A series of new laws and court decisions around the world yielded mixed results for the cause of gender equality.

Public discussion of women’s rights in 2017 often focused on high-profile phenomena like the #MeToo movement against sexual harassment and abuse in the workplace, but many of the year’s most notable developments—for better or worse—came in the form of legal changes and court rulings in individual countries.

Here are some of the key decisions made during the year:

Jordan, Lebanon, Tunisia: Closing the ‘Marry Your Rapist’ Loophole

Over the course of the year, parliaments in Jordan, Lebanon, and Tunisia all repealed laws that protected rapists from prosecution if they married their victims. While perpetrators had seized on the rule to avoid punishment, families of victims often accepted it to avoid social stigma. Victims themselves typically had little say in the matter.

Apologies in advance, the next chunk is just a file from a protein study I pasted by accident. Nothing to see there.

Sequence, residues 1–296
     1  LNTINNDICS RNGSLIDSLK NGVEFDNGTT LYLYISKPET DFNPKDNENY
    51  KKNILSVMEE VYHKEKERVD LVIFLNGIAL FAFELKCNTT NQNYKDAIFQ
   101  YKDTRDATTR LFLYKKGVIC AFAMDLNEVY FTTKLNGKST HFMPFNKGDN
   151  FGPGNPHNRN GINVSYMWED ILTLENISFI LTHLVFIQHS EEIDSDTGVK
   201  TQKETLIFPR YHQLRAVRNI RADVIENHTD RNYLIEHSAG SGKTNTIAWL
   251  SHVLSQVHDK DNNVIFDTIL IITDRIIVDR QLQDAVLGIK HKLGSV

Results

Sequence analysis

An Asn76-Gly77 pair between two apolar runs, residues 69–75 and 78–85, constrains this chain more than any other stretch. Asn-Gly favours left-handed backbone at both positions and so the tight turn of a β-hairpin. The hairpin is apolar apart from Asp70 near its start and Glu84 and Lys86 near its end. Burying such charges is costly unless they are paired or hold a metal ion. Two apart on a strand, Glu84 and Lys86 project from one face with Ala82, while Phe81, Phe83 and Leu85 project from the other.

The repeals were seen as an important step forward in the struggle to combat violence against women, but persistent fears of social exclusion or “honor killings” by their own family members may continue to deter victims from reporting such crimes.

Chile: Ending an Absolute Ban on Abortion

Chilean women’s health advocates won a major victory in August, when the Constitutional Court gave final approval to a new law that ended a blanket ban on abortion. The ban, which dated to the rule of right-wing military dictator Augusto Pinochet, was one of the most restrictive abortion laws in the world, with no exceptions even for rape or serious health concerns. The new law decriminalizes abortion if the life of the…

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